The protagonist, portrayed by Guy Pearce, is a man who is struggling to put his life back together after the brutal rape and murder of his wife. But having been savagely beaten by the same man who killed his wife, his short-term memory had been destroyed and he was no longer able to retain any new information. Thus, he had to resort to copious note-taking and Polaroid photographs in order to keep track of what happens to him over the course of a day. He even tattooed himself with a few crucial bits of information that he couldn’t get along without. The character is obsessed with taking revenge against the man who has ruined his life, and he sets out to find him, getting help from some questionable characters.

What’s most intriguing about this movie, to me, anyway, is that it progresses backwards in time. The protagonist kills the murderer of his wife in the film’s first scene, and it then moves backward from that point, in roughly five-minute increments, allowing us to see how he tracked the guy down, and then ending with what is, chronologically, the story’s beginning. It sort of blew my mind.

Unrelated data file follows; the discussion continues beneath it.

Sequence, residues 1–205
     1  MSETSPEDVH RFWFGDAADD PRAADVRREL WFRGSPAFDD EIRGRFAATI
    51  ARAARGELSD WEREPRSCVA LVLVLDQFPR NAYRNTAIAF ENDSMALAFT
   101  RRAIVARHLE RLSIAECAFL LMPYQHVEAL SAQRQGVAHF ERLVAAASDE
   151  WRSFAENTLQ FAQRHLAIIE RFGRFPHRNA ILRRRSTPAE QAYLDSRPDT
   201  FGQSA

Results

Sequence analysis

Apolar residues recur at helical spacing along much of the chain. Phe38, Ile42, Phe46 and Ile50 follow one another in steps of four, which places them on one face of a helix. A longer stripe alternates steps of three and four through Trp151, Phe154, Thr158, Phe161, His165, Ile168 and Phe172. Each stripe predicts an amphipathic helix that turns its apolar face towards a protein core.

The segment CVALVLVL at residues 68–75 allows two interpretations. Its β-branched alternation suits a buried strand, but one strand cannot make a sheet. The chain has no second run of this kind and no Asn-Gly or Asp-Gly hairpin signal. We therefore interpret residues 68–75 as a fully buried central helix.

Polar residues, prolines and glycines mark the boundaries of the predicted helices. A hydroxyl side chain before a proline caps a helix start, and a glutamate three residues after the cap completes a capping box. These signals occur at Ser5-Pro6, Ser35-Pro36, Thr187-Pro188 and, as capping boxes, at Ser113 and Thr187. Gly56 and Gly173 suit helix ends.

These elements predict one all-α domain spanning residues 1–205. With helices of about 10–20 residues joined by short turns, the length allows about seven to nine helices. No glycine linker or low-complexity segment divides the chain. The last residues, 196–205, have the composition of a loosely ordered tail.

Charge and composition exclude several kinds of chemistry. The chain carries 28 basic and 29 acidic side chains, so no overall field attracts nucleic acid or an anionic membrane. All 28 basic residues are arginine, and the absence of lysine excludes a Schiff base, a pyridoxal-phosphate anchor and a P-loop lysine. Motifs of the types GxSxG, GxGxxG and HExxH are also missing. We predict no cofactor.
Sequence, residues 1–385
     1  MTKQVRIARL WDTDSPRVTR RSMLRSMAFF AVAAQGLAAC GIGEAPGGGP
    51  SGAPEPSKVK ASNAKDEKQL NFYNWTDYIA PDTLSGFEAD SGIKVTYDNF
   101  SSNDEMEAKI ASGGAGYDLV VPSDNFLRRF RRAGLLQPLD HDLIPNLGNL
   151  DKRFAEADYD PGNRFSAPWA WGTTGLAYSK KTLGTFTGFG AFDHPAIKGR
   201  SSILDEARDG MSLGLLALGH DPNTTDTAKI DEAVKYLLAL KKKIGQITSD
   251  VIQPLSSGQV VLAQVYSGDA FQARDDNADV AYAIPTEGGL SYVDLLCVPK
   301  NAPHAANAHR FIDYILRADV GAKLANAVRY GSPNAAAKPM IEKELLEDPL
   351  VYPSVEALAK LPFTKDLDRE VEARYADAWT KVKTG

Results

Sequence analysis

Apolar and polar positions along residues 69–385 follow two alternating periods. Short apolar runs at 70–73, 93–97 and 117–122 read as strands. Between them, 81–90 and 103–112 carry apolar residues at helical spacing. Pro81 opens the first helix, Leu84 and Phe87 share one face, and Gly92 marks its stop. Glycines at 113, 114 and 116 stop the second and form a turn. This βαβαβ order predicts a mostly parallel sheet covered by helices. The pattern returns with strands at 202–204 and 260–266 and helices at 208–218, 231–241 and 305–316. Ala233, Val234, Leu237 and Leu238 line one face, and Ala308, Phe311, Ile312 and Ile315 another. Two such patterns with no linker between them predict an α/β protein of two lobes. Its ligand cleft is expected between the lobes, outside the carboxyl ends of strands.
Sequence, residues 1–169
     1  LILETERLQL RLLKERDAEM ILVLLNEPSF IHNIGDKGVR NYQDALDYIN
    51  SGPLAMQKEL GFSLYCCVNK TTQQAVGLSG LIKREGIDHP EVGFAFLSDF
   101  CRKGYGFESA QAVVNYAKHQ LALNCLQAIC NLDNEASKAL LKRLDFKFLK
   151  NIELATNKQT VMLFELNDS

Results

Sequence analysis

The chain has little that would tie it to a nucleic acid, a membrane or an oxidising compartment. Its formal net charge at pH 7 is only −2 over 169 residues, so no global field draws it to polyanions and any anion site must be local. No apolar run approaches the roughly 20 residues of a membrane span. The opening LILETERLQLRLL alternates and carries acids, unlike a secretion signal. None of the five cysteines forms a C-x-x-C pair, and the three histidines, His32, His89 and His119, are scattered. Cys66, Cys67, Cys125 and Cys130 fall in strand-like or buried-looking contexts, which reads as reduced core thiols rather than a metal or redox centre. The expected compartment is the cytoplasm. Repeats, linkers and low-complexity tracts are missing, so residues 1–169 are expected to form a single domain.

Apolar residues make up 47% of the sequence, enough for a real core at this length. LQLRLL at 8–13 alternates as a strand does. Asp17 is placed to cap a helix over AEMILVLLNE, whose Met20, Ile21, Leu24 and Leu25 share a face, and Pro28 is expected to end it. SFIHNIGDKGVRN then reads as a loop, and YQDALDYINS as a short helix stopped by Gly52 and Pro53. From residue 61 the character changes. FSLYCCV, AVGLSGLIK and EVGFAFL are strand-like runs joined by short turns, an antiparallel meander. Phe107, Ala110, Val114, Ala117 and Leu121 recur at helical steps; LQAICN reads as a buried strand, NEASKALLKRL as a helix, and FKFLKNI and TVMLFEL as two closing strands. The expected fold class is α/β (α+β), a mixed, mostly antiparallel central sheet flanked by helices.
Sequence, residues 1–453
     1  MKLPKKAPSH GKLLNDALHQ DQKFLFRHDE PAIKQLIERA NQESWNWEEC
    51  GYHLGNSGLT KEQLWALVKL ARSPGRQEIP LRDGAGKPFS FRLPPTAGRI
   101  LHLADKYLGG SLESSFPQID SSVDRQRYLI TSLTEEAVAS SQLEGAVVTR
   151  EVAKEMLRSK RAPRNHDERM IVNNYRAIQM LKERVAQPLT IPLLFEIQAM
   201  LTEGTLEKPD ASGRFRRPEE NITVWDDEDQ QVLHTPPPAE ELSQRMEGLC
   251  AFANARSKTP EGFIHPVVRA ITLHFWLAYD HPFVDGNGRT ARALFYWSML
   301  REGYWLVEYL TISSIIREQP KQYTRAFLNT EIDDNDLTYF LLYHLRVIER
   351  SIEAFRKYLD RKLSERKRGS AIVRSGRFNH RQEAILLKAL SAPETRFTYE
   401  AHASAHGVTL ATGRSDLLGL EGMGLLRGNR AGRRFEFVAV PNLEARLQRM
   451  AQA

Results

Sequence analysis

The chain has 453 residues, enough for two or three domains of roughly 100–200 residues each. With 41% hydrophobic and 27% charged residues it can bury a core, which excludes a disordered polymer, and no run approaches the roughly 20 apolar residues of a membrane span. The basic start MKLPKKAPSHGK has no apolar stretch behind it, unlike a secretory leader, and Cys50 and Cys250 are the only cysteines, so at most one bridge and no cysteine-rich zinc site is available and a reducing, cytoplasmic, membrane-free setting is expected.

So for today’s Jot it January, I suggest you jot down the name of the movie — “Memento” — and see if you can stream it. I think it’s available on Amazon Prime and on YouTube.

JusJoJan — Enigmatic Nipples

5e6e0c49-2995-4cfc-85e4-9fd728a59d61You know what I find enigmatic? Man boobs. Well, not so much man boobs per se, but nipples. In particular, man nipples.